Lab Matters Summer 2019 - Page 10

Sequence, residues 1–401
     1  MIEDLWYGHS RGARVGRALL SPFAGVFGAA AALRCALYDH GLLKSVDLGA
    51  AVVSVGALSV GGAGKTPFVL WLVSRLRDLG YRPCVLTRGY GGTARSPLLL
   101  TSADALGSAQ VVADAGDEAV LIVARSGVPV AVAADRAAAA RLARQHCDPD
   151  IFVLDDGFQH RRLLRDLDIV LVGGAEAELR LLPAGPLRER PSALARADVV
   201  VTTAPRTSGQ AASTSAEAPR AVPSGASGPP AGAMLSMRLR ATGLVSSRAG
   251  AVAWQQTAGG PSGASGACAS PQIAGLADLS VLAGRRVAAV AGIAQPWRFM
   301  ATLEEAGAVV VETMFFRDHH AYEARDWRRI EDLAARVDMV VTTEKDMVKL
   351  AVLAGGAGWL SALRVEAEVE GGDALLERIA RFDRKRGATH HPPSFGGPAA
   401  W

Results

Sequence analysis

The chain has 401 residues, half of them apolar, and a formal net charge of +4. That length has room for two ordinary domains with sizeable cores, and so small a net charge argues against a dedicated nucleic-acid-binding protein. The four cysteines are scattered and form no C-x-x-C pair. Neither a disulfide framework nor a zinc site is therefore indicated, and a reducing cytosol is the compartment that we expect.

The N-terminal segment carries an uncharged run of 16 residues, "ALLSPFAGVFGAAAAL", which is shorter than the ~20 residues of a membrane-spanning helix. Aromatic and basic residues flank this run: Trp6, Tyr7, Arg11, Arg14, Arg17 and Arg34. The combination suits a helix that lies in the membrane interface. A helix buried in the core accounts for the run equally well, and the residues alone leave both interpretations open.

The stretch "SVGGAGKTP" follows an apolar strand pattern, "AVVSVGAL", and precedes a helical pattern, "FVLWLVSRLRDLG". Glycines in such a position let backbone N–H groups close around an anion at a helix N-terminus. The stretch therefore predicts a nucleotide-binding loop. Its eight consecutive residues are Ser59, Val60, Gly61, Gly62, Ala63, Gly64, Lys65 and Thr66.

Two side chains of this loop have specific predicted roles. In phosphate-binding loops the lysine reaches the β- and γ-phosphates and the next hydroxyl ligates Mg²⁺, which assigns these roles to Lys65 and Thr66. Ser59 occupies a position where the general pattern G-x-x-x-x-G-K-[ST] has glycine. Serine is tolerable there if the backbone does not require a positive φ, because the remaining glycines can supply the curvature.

FEATURE for 14 states plus Puerto Rico and surge capacity nationwide. In 2017-2018, the laboratory examined over 9,600 specimens for carbapenem resistance and detected or confirmed over 300 highly resistant Acinetobacter isolates, over 1,100 resistant Pseudomonas isolates and almost 3,500 carbapenem-resistant Enterobacteriaceae isolates. Among other successes, Burks said his scientific team employed a new PCR method to identify three new AR gene groups in Acinetobacter. “The number of Acinetobacter specimens [we receive] seems to be holding steady,” he said, “but resistance is surprisingly high—about 70% positive for one of the three genes Tennessee identified.” But because there is no reliable pre-AR Lab Network assessment of carbapenem resistance in Acinetobacter, Burks said, “We don’t know if the rate is increasing or if it was already that high.” Under the direction of Henrietta Hardin, MPA, MT(ASCP), the facility’s general bacteriology manager, the Tennessee laboratory is also one of four regional AR Lab Network laboratories testing for resistance in Neisseria gonorrhoeae (the so-called GC AR Lab Network). The bacteriology team tests specimens from high-prevalence sites across the country that participate in CDC’s Gonococcal Isolates Surveillance Program (GISP), enhanced GISP or Strengthening US Response to Resistant Gonorrhea program. Since the laboratory joined the GC AR Lab Network in spring 2017, it has analyzed over 5,500 isolates for susceptibility to seven antibiotics using agar dilution plates produced in-house. Overall, 7% of isolates have exhibited drug resistance. Hardin said her team is now involved in setting susceptibility “breakpoints” for new drugs, like gentamicin, which will hopefully prove effective against some drug-resistant gonorrhea strains. Within the state of Tennessee itself, Kainer said the biggest AR threat is “an oldie” that is making a comeback: methicillin-resistant Staphylococcus aureus (MRSA). She said, “We have seen very significant increases particularly among the younger population and more among females.” Between 2014 and 2018, the number of MRSA bloodstream infections reported by Tennessee hospitals jumped from 2,123 to 3,277—a 54% increase. “The epidemiology of [MRSA transmission] is changing,” said Kainer. “It’s now likely to be driven by the opioid epidemic—users injecting with tainted needles, syringes or other paraphernalia. They often get these MRSA infections along with endocarditis. Those are very serious, very expensive, high-mortality conditions.” In fact, one-year mortality for hospital-onset MRSA bloodstream infection in Tennessee runs about 50%. On the flip side, Kainer said, CPOs carrying the KPC gene have become notably rarer in Tennessee. She said, “We attribute that to improved infection control and environmental cleaning in healthcare settings.” And those improvements she attributes directly to CDC’s stepped-up investment in AR control. Before the CARB plan and associated state funding, Kainer said, “We didn’t have laboratory capacity for rapid [AR] detection and identification, and we didn’t have the public health infrastructure on the epi and infection control side.” Today, a single case of CPO infection in a Tennessee hospital triggers laboratory testing to identify the infectious organism and AR gene, sometimes supplemented by more detailed characterization, such as whole genome sequencing. In addition, Kainer’s staff assesses the facility’s infection control practices—hand hygiene, environmental cleaning, use of personal protective equipment and the like—and collects rectal swabs from potentially exposed patients as part of a point prevalence survey to determine whether transmission has occurred. If laboratory testing shows CPO colonization in other patients, further recommendations are made. “We continue these point prevalence surveys every two weeks until we get two consecutive rounds of negative transmission,” said Kainer. “Having the laboratory capacity to process these colonization swabs is a huge thing. The whole aim here is timely data to allow us to take the appropriate infection control and public health actions. It’s literally a game-changer.” Brittany O’Brien and Rokebul Anower review results from the real-time PCR developed for Candida auris. Photo: Wadsworth Center 8 LAB MATTERS Summer 2019 PublicHealthLabs @APHL APHL.org